In other news, we continue to receive vegetables from our CSA farm that are unfamiliar and a little difficult to identify. A couple weeks ago we received brusselini. This might have been some kind of joke because not even The Google lists this as a food. Melissa made a valiant attempt at serving it by roasting the leaves. We enjoyed gnawing on them for a while but it’s not something we are likely to try again. Last week we received a head of Romanesco, which look sort of like a land coral or a fractal vegetable:

We haven’t tried it yet but I’ll be sure to follow up once we do. In the mean time we are building a patio in the back yard which we hope to have finished before the end of the harvest season this year.

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There is a giant oak tree in our neighbor’s front yard, and over the last couple weeks it has started raining acorns on our house.  This has had several consequences, some expected and some unexpected.  First, the acorns have caused a frenzy of activity among the local squirrels and chipmunks as they industriously prepare for winter.  This comes at a time when Everett is going through an explosion in language and he noticed the commotion right away.  “Quirrel” and “chip” have become two of his favorite words – they are the first things he says when he wakes up in the morning.  Once downstairs, he stands at the doors and windows calling for them:

Fortunately he never seems to have to wait very long before they appear.  Gramma came to visit us for two weeks and was able to see this new behavior first hand.  During this time Everett got LOTS of attention and play time.
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It was fantastic for everyone, though since she left he has been looking for her as well.  Also, she shared with us a piece of the collective wisdom of grandparents that we initially found unbelievable but have since put to good use: it turns out that the bakery in most grocery stores keeps free cookies on hand for children, and all you have to do is walk up and ask for them.  Who knew?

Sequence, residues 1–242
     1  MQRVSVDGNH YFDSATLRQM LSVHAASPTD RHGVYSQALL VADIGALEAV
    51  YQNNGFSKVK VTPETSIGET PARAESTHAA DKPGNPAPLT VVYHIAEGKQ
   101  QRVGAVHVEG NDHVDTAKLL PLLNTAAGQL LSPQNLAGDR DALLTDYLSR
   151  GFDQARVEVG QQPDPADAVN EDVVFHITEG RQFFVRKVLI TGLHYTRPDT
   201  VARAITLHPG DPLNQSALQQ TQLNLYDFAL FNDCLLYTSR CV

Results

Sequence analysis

The acorns are also one of the first signs that summer is ending.  This has been the most pleasant summer I have ever experienced, and I think Melissa feels similarly, but it has clearly been unusual for Wisconsin.  The two crabapple trees in our front yard never bloomed or never produced any fruit; the produce from our shares in a local farm arrived two weeks late, and most tomato varieties never arrived at all.
Lastly, the acorns signal the coming of fall, which means two things for us: Tosafest and winter preparations.  Tosafest is an annual celebration in the village of Wauwatosa where they close the roads and have lots of food and artists and musicians (and beer, of course).  During the celebration we ran into almost everyone we know in the state of Wisconsin.  For some time now Everett has been getting antsy in the stroller but couldn’t walk very far once on the ground.  At Tosafest he put shoes on and walked further than he ever has before.

As far as winter preparations go, I have assembled a long list of house repairs since we moved in a little over a year ago.  Our house is 80 years old and last winter we experienced a lot of cold-related problems: the attic is uninsulated and unvented, so the heat that escapes from the second floor causes the snow to melt which in turn causes huge ice dams which causes water to enter the roof and drip through the ceilings.  The bottom edge of the siding was never sealed to the foundation, which allows so much cold air to come in that our bathroom pipes froze last winter.  I could go on but you get the idea.  I have been making progress on these projects over the summer but not enough, and how I am in a dash to get everything done before winter.  Fortunately, collection of firewood has been going well and we are looking forward to cozy nights during the long winter.  Thanks to the squirrels and chipmunks we have a huge supply of acorn hulls for kindling.